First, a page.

At one point in Horizon: Zero Dawn development, its complex weather system featured naturalistic lighting strikes that could hit the player and enemies alike. While that sounds like it would have looked impressive there's obviously quite the issue with random inflictions of massive electrical damage.
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Speaking in an interview conducted with Official PlayStation Magazine, game director Mathijs de Jonge talks about the game's "very elaborate weather system" (Horizon: Zero Dawn litereally renders actual clouds). "We had some prototypes, for example, we had some lightning strikes that would randomly hit enemies or randomly hit the player," he says. "But it just felt unfair because you have no control over it, it just naturally happens and suddenly you have a lot of damage. So we took that out in the end."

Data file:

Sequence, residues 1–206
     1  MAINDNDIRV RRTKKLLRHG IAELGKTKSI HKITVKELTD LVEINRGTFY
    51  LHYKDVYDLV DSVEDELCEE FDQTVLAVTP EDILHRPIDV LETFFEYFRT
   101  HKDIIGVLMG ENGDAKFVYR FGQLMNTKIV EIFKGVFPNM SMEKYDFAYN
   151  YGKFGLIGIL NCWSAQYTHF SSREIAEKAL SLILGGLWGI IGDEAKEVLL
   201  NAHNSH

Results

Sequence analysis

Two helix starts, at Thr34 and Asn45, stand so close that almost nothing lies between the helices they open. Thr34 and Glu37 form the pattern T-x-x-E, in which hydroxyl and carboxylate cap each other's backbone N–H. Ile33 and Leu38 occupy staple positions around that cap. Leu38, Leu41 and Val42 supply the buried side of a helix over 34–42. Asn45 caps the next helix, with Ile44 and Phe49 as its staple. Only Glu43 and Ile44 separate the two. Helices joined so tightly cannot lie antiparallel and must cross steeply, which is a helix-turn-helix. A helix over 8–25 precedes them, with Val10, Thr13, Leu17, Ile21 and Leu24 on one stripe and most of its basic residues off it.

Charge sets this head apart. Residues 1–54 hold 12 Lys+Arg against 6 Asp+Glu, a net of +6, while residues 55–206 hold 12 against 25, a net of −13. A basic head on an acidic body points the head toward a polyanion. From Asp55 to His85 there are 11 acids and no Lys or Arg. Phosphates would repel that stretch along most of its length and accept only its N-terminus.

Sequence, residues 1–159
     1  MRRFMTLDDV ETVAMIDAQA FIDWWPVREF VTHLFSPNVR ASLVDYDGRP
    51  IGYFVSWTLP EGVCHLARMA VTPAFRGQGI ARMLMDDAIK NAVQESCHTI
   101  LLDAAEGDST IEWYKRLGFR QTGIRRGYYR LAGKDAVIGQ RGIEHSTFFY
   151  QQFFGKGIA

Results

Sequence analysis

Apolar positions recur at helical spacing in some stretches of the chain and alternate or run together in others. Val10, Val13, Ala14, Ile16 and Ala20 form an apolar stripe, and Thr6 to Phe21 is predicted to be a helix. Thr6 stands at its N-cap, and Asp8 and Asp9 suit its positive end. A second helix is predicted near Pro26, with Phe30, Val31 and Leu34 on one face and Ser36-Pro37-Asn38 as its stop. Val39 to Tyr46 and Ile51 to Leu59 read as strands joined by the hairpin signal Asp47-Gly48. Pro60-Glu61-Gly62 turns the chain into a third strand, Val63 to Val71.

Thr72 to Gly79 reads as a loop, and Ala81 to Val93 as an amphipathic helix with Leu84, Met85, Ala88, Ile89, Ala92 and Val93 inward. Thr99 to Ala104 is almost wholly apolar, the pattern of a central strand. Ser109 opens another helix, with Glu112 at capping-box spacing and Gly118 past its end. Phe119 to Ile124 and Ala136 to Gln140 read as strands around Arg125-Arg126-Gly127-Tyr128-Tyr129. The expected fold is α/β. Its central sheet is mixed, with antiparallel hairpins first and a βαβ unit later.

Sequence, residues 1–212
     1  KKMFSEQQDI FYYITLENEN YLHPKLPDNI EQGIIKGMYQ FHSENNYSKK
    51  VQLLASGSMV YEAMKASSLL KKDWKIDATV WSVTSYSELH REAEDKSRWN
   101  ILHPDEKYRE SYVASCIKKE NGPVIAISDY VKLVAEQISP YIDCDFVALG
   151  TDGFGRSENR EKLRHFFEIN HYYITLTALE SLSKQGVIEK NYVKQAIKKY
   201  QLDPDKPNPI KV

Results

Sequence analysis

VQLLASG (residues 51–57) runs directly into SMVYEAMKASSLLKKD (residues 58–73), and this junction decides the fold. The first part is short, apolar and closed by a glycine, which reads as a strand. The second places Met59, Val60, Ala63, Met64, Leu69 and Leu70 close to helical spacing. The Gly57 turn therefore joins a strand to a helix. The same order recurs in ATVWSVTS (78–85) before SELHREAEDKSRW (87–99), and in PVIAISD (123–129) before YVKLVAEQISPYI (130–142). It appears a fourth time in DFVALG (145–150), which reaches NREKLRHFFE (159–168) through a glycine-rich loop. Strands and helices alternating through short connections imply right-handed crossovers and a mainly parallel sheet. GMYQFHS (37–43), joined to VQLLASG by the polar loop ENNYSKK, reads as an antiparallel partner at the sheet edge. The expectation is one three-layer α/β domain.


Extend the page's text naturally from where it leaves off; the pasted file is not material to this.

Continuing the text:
As a result, de Jonge explains, the system is more about effects and atmosphere than random acts of God killing the player. "The weather system is more impairing of vision for example," he says. "At night, robots can be harder to see but also can have lots of light and sparks when you shoot at them, so there’s a bit of a balance there."
The weather does have at least one trick up its sleeve we haven't seen yet though, according to de Jonge: "We have - in a region that you haven’t played yet - we have dust storms as well, which really limit the visibility down." That must be the Sunfall region recently revealed in this Horizon: Zero Dawn map.
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